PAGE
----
Saturday, October 13, 2012

Self-Directed Critiquing
Art Practice

Marie-Therese Wisniowski

In the “communication age” where the internet, mobile phones and text messaging is commonplace, the mere thought of self-analyzing one’s artwork appears almost heretical. No one would disagree with developing a network of artistic friends and independent critics to give constructive feedback on any work of art in the embryonic stage, especially since the final act of exhibiting one’s artwork ensures that external opinions will be freely given - whether you like it or not! Nevertheless, continuous self-assessment, as the artwork evolves from “mind-to-hand-to-object” is what defines us to be human beings. After all, monkeys can paint, but do they desire their artwork to be destroyed after it is completed (as Kafka had desired with respect to his manuscripts).

Let us define an artist as a self-directed learner; that is, a person who is capable of conception, implementation and evaluation. You may doubt that you have any or all of these abilities. Whatever is your level of expertise, you will be surprised to learn that psychologists (e.g. Bergen and Dunn – “Psychology and Education”) argue that these abilities are innate in all of us. I will attempt to unlock the latter by describing to you how I approach my own continuous self-analysis of my ArtCloth works.

To begin with, before embarking on any piece of ArtCloth I have comprehensively researched the concept that I wished to develop. I have also mapped out the techniques that I shall employ to develop the concept. Often I draw a “rough” of the ArtCloth and do numerous experimental swatches to test whether the techniques I have chosen are viable. I never forget that a “rough” is just a “rough”; that is, it might not work when scaled to the size of the finished artwork; for example, “roughs” are usually on A4 or A3 sheets, whereas my ArtCloth pieces are normally anywhere from 4 meter (length) x 1.5 meter (width) in size.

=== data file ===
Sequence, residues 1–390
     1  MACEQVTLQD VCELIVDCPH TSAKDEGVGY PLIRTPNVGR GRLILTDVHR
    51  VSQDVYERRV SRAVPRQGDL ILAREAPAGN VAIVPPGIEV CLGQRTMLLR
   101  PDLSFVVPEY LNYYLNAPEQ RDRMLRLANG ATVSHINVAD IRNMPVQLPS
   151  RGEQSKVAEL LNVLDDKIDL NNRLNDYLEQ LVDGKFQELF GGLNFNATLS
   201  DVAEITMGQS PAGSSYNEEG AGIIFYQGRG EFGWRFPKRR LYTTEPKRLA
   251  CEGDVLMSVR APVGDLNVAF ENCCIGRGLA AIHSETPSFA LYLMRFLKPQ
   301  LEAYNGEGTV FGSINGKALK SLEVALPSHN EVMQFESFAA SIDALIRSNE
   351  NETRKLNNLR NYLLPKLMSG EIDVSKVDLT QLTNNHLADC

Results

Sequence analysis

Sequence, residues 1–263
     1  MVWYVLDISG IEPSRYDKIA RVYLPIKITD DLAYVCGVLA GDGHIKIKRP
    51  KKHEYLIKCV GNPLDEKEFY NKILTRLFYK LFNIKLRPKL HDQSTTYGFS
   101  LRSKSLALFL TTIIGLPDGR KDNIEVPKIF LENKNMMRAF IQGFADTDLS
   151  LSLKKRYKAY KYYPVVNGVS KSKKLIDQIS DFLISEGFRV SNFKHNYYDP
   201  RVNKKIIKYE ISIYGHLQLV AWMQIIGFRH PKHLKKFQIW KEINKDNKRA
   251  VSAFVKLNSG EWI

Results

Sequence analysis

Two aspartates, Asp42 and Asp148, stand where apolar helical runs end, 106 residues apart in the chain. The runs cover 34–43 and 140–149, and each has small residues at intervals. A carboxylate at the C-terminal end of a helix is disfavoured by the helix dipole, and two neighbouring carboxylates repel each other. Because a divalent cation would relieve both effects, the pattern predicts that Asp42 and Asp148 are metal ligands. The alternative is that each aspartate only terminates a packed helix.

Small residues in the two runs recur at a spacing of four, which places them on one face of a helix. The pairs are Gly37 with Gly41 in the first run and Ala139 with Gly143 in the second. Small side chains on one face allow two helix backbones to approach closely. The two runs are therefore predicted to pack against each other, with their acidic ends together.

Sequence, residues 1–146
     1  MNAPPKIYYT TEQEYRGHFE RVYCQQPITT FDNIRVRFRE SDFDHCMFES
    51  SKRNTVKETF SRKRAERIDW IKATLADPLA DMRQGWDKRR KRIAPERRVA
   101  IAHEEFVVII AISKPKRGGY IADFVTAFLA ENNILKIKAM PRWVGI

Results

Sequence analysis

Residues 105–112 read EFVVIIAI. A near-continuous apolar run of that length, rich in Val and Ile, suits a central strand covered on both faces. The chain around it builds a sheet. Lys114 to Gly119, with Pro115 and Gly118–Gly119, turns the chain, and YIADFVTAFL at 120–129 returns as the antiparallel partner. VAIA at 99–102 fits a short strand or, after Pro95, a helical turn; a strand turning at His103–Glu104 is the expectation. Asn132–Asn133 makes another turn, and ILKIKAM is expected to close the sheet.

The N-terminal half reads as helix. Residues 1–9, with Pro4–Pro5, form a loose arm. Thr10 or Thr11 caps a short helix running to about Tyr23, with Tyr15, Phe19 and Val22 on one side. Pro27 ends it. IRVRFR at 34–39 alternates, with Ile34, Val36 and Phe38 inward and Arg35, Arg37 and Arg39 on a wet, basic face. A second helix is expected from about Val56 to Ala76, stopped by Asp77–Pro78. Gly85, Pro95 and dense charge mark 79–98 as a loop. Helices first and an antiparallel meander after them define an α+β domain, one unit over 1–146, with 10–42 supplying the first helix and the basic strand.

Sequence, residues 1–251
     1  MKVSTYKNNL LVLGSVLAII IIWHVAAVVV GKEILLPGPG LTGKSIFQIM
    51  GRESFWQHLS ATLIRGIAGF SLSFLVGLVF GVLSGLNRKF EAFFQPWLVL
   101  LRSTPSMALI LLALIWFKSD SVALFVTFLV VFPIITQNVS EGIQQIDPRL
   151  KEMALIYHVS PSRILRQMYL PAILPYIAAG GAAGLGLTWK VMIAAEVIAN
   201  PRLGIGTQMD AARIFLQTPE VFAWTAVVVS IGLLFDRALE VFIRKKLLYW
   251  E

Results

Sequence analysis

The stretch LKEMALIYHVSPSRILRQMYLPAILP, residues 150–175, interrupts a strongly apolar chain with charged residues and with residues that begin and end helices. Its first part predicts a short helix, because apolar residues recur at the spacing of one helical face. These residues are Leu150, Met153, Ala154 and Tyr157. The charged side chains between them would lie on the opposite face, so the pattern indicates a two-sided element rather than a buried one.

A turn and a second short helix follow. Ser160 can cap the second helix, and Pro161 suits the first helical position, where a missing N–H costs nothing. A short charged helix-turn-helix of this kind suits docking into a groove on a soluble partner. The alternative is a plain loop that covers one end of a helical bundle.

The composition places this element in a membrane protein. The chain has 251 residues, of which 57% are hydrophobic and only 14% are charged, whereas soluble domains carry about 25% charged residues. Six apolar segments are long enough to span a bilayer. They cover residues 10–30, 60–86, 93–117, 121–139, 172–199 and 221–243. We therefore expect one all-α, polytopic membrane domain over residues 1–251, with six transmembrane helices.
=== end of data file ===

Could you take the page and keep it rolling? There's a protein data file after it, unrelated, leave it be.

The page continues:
Above is a water color rough of Winter Bolt - one component of a disperse dye quartet - The Four Australian Seasons.
Note: Initially there would be six cloud wavelets superimposed on the piece to further stress the concept of winter. None of these appeared on the finished artwork (see below) since they seemed - in my emotive state - as being too contrived or too artificial in scope.

Freed of all of this pre-planning, I then set about producing the first stages of my ArtCloth in a “Zen” mode; that is, the Zen Masters - as outlined by D.T. Suzuki - have felt that: “Man is a thinking reed, but his great works are done when he is not calculating or thinking”.

In other words, I let all my research seep into the body of my sub-consciousness and do my artwork in an non-thinking but reactive mode. It is important to note that a "no mind" state is not a mind that is in a coma. It is a reactive state of intuitive feel rather than conscious thought. You often hear sports people confess that on a particular day they were in the "zone"; that is, they were in a "no mind" state.

In my "no-mind" mode, the critical but unconscious questions that seem to come back to me from time-and-time during reflective pauses in the stages of the “implementation” period are as follows: